How would you react if your teenager asked permission to build an airplane in your backyard, with dreams that it would enable him to go anywhere he wanted? It might sound so ridiculous that you'd say OK, believing there's no way it'll ever happen.
But 80 years ago, this was a real effort by the Brosky brothers, led by 14-year-old Stanley, whose plane rocked all of Hope Hollow in Carnegie.
Stanley, who would later become a physicist and entrepreneur solving technical problems for the Navy and others, had already built his own ham radio station. He talked to radio operators around the world, with the unfortunate side-effect that his conversations frequently broke into the favorite soap operas of neighbors listening to their radios in the 1930s. Husbands would come by to pound on the door and demand, "Knock it off or I'll ..."
The urge to build a single-engine, single-wing plane hit Stan after seeing a Popular Mechanics article with detailed drawings describing how to do it. When word got out that he was going to build the first airplane of "Hope Hollow Airline," everyone he knew began offering help.
The owner of a lumber yard provided light-weight pine wood. An auto repair shop offered a Model-T Ford engine. A junk yard donated parts that helped connect the drive shaft to the propeller. Local gas stations donated thick canvas for the wing and body skeleton that Stan cut and sewed on his mother's sewing machine (which upset her once she realized he was damaging her needles). The only expense was $3.50 for two airplane wheels purchased at Mayer's Airfield in Bridgeville.
It seemed every teenager around wanted to help build the plane. The Brosky household became an animated gathering place after school with boys shouting, "What else can I do, Stan?" The hardest part was carving a propeller over days from a 6-foot-long, 4-inch-by-4-inch post.
Once everything was assembled, there was a clamor to test the motor and propeller. It had so much power once turned on that it created a dust storm traveling through the hollow to Scott Township. It being a Monday, when all the housewives were doing their laundry, many came running up to complain loudly.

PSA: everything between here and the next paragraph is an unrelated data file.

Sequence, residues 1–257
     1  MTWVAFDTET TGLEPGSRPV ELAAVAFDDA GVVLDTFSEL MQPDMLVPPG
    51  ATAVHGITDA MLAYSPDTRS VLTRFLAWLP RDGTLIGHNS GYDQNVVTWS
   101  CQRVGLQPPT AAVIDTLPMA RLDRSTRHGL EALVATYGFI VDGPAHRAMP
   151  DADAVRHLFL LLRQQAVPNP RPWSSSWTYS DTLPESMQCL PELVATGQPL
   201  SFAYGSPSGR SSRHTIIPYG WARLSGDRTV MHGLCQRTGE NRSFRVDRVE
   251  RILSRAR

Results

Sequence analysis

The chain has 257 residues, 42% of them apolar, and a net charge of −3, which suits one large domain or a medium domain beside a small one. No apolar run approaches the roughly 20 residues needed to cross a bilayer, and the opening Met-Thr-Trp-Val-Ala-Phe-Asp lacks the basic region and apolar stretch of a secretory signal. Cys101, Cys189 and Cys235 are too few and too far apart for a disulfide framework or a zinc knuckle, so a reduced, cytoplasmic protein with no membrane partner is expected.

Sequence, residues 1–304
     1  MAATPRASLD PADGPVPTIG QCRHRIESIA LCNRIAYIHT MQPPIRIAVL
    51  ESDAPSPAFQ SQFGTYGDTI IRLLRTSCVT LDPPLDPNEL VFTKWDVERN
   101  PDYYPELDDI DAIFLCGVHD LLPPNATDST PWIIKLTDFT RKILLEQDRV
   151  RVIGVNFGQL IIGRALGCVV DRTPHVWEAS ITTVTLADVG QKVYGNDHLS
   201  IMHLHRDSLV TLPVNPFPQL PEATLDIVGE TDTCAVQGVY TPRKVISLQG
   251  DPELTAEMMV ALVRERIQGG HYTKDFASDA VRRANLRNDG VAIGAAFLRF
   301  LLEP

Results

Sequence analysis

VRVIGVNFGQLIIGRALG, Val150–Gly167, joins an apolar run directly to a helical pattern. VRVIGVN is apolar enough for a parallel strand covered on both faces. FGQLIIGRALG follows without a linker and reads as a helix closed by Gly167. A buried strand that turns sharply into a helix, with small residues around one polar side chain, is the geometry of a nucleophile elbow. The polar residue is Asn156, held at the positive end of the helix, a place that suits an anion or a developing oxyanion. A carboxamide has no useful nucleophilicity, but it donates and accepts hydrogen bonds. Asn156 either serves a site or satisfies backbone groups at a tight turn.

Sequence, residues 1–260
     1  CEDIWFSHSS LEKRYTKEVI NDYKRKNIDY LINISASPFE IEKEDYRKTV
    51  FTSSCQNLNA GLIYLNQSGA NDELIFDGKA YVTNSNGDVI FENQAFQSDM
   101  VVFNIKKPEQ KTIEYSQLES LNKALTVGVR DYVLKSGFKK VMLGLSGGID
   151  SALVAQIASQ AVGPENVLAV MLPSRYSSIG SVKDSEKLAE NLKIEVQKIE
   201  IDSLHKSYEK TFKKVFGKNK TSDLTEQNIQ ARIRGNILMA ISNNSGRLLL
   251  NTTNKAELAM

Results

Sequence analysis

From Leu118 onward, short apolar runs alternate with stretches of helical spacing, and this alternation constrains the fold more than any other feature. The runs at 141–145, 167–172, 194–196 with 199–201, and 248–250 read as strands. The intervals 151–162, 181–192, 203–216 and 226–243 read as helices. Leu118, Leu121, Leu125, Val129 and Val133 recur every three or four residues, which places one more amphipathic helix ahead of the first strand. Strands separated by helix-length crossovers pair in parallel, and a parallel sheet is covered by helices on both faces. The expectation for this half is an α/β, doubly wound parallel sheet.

At one point, someone remembered to ask Stanley and our brother John (the future state Superior Court judge) assisting him, "Do you have a pilot's license?" Negative! The two of them walked to Mayer's Airfield to take five 30-minute lessons costing $5 each.
Then it was time to position the plane for flight. Picture 20 teenagers pushing an airplane up the street for half a mile, directing traffic to move to the side, until they reached Virginia Manor in Mt. Lebanon. No houses had been built there yet, and it had a smooth field to roll down.
Once there, Stan started the motor with a loud roar. The plane rolled down the hill and broke through a cow pasture fence. From all the vibration in the motor, the propeller broke in half and part of it flew into the air. Everyone ran for cover behind trees.
Disappointed but still determined, we pushed the plane back home, with an escort from a policeman who initially thought the plane had crash-landed. Then we made small repairs and carved a new propeller, this time bolting it on more securely.
On our second try, some 30 teenagers pushed the plane up the street. Our airfield this time would be Foxcroft Hill in Scott, again where no houses were yet built.
After starting the plane's engine, Stan quickly cut it when realizing the tail's tendency to lift high off the ground. Weight was needed on it. Someone yelled, "Your youngest brother is about 50 pounds!" Just right. So Vernon Brosky sat on the tail with his legs wrapped around the back end and people yelling, "Hang on, Vern!"
The motor was gunned and the plane started to roll down the hill. It hit a bump and bounced a couple feet into the air. That was all the crowd needed to begin shouting, "It flew! It flew!" Stan cut the motor, and Vern was relieved. His knees were shaking. We had, after all, neglected any concept of a seat belt for him.
The Wright Brothers' legacy was never quite threatened, but for days afterward in our part of the South Hills the major item of conversation was the maiden "flight" made by Stanley Brosky -- with the help of dozens of his fellow teenagers -- for Hope Hollow Airline.
George Brosky is a retired hospital administrator and Navy commander living in Honolulu.